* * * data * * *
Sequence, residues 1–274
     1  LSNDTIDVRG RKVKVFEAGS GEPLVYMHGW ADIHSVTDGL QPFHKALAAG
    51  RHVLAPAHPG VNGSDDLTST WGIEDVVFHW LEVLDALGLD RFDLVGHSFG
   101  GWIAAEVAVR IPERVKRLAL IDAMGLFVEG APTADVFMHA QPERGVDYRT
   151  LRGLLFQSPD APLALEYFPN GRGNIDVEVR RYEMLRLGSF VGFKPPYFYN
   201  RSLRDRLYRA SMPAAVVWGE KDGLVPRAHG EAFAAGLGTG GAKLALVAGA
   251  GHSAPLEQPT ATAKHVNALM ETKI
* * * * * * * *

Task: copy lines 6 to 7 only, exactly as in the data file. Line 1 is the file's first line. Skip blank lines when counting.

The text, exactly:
   201  RSLRDRLYRA SMPAAVVWGE KDGLVPRAHG EAFAAGLGTG GAKLALVAGA
   251  GHSAPLEQPT ATAKHVNALM ETKI